Buswell sticks firm despite lobbying from CBH


Western Australia sticks to planned grain freight investment, dismissing calls for money allocated to roads to be spent on rail

July 28, 2011

Western Australia will stick fast to its grain investment strategy after rejecting a call from CBH for money allocated to roads to be spent on an ailing rail network instead.

Transport Minister Troy Buswell today announced the government will proceed with its plan to spend $187.9 million on grain freight lines, $118.3 million on Wheatbelt roads and $14.6 million on a transition package to help rail compete with trucks.

The grain growers co-operative had lobbied Buswell to strip money from roads and pump it into rail lines that were due to cease operations.

"There are a number of significant issues with the CBH case for government to change its investment strategy, including but not limited to an inconclusive cost benefit analysis and the fact that several infrastructure costs were not taken into account," Buswell says.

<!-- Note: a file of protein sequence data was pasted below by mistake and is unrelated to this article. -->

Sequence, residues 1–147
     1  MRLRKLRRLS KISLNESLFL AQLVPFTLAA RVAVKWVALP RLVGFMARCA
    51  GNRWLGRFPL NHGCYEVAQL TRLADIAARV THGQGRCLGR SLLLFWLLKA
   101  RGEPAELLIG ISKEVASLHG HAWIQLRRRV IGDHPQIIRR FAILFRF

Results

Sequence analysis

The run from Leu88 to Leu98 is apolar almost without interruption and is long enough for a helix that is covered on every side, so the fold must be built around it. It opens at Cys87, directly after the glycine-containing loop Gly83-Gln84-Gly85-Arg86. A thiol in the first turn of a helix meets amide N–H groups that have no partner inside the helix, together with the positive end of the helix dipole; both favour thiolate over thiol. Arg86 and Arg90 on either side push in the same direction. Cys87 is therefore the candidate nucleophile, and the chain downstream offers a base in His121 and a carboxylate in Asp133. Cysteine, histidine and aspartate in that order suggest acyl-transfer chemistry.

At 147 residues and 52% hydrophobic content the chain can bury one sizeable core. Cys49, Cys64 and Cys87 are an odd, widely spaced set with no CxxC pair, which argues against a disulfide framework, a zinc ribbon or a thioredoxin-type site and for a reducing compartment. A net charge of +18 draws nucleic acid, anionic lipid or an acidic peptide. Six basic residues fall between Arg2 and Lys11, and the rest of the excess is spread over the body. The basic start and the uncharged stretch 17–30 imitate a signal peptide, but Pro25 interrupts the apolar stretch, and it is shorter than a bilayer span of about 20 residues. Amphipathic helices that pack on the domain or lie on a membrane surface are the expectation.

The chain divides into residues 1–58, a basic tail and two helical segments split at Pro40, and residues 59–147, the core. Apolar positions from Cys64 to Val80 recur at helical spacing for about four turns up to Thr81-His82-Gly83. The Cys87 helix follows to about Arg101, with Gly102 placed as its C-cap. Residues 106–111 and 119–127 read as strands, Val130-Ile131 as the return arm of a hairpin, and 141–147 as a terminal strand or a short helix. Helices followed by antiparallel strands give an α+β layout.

He says CBH failed to deliver a compelling case for change and that the government is not prepared to take more than $100 million out of roads.

"The government remains committed to its investment in road infrastructure to support the increased volumes transported by road to sites such as Brookton," Buswell says.

He says the government now expects CBH to invest in rapid loading facilities at Brookton and Kellerberrin in accordance with its original plan.

The government plans to spend $104 million upgrading more than 480km of state and local government roads over the next four years, with another $14 million to be spent on maintaining roads in the grain freight network.


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